I guess we'll find out this year who's wrong and who's right, unless you plan to claim that all future projects for the CTA in the next 100 years were Frank's ideas anyway and that Ron is just spinning them. Proof is in the pudding, and someone is going to be eating crow.

Here's what I know: I used to get on the Metra at Irving Park because the Blue Line, which I could see from the platform, took too long to get downtown and was unreliable. Now I split the commute, depending on how soon the next Metra is coming because the Blue Line has gotten much faster, and has been very reliable.

You can say that I am merely perceiving what I perceive (!) but so what? My "perceptions" of other commutes are crap because they are based on gross data and other people's experience. My commute is based on what time I get to work and what time I get home for dinner with the family. If I know what has happened with respect to those trips, Ron isn't spinning anything.

And percentages of percentages are not "meaningless." They are a perfectly valid construct. Furthermore, they really only tend to create unreliable data when there are dramatic changes in the underlying data. Here the CTA's trips etc. are all likely to be pretty stable, meaning that percentages (and percentages thereof) tend to be consistent over time.

I guess at the end of the day everyone is either a fanboy or "in the know" but my CTA commutes are better and more reliable than they were twelve months ago. Disprove that.

C'mon, Rusty. Uncle Frank said it would take $100 million and 10 years to fix slow zones. Uncle Frank's trains, stations and buses were filthy and smelled like pee. The Boy Wonder has been able to address both in less than two years. You can't say there's been no progress, just as Huberman can't say things are 79% better without telling us exactly how he arrived at 79%.

I'm beginning to think Rusty is an Uncle Frank fanboy!

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You can't say there's been no progress, just as Huberman can't say things are 79% better without telling us exactly how he arrived at 79%
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Okay. Fair enough.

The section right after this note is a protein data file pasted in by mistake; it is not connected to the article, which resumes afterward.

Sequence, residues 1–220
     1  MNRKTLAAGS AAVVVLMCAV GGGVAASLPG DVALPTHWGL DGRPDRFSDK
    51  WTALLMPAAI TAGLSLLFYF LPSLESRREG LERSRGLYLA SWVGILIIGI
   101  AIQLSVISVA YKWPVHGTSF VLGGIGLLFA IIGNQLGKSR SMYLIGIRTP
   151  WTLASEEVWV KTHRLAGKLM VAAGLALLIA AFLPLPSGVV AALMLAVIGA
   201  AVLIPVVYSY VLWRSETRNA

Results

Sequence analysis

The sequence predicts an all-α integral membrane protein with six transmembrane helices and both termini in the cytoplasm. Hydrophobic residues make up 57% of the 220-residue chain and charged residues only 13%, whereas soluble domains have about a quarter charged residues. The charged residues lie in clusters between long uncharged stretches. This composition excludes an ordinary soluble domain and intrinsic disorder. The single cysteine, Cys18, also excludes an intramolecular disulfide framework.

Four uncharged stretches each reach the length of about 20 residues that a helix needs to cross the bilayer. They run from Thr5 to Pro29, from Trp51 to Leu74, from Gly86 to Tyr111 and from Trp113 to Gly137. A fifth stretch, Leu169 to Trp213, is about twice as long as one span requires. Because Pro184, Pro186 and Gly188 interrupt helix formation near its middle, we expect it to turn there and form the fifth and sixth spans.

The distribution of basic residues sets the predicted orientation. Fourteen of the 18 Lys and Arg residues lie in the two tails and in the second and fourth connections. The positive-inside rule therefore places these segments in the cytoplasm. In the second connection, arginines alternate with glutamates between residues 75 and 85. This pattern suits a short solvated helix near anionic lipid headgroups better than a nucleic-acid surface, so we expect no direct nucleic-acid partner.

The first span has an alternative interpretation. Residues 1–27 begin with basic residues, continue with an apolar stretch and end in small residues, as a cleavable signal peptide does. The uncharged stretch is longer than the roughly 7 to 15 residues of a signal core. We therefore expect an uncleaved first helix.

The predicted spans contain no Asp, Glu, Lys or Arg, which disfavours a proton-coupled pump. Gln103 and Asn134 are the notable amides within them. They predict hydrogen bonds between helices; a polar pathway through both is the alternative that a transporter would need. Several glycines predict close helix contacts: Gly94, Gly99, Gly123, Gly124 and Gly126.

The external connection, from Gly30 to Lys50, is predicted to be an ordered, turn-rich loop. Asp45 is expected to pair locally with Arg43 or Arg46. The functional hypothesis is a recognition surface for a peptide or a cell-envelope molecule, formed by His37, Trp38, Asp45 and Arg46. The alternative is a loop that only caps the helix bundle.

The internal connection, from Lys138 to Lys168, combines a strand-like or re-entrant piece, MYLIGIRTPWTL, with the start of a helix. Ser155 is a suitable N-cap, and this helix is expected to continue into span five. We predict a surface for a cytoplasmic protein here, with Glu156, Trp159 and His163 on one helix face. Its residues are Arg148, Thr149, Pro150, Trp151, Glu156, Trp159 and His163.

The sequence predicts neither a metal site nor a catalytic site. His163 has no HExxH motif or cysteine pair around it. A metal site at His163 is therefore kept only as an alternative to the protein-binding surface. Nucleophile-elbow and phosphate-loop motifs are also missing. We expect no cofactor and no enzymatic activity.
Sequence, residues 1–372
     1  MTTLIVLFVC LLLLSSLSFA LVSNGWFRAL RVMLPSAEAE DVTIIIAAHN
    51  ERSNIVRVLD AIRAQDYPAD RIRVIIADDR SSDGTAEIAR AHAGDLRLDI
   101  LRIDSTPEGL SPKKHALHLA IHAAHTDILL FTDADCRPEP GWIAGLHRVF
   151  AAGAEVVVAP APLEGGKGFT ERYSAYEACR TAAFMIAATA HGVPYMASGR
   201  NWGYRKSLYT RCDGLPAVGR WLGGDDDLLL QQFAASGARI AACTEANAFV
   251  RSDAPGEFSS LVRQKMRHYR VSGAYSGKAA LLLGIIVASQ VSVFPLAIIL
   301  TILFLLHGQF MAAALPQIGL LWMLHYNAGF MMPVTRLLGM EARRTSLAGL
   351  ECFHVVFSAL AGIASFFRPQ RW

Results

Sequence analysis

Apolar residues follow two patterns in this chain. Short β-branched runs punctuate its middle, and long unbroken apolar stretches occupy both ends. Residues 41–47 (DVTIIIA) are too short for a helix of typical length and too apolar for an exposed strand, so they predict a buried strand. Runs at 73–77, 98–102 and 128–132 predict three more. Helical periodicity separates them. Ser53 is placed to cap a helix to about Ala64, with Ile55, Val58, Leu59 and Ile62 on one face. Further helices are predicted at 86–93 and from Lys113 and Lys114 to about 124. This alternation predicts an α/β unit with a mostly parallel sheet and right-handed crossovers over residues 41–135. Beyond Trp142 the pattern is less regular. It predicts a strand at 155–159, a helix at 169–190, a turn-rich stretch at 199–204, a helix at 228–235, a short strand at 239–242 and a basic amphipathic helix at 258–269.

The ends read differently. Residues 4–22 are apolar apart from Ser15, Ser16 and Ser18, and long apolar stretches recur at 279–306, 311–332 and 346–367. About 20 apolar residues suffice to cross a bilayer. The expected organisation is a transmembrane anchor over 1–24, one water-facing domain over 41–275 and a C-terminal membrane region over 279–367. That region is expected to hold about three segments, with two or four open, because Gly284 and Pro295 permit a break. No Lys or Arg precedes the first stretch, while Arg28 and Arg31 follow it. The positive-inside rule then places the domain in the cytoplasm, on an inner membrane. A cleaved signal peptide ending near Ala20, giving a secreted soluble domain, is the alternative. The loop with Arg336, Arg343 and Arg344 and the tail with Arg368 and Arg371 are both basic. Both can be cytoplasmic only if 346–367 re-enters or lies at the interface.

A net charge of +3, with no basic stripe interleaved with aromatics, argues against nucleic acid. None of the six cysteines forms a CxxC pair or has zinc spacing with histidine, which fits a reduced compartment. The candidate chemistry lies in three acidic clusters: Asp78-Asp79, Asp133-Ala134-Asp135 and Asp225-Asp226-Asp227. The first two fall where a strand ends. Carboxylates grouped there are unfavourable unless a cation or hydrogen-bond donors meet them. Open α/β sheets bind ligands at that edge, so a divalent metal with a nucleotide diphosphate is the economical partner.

But he did. So where do we go from here?


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And percentages of percentages are not "meaningless." They are a perfectly valid construct.
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Only if you like to distort the truth. But even for that to work, the percentages have to be percentages of the same whole.

Is 7% of an apple 30% better than 10% of an orange? Well, if the quantification of the apple and the orange are different, you can't make any assumptions! None!

If apples and oranges are quantified the same, then 7% of an apple is 3%, not 30% better than 10% of an orange. But we have no idea how the apple or the orange are quantified, so we can't even take this leap.

Even if I give him the benefit of the doubt, and accept on pure faith that the apple and the orange are quantified the same, his conclusion is still in error by a factor of 10 in this case.

So where's his credibility? If he's still going to distort his conclusions that much after I accept his word that the two wholes are quantified the same, that tells me that I shouldn't take him at his word for anything.

I could have accepted it if he said it's 3% better than before even if I have to accept on faith that we're talking about the same thing. But he had to go and distort the hell out of what little he is sharing. If he'll distort what I can verify, how badly is he distorting what I can't verify?

So maybe I can't say there have been no improvements under his watch, but he can't honestly claim what he's claiming, either. He can't claim anywhere near what he's claiming.

My lack of credibility does not mean he doesn't have as much, if not more of a lack of credibility. Just because you think I'm nuts doesn't mean he's not nuts, too. And it doesn't mean he's not more nuts than I am.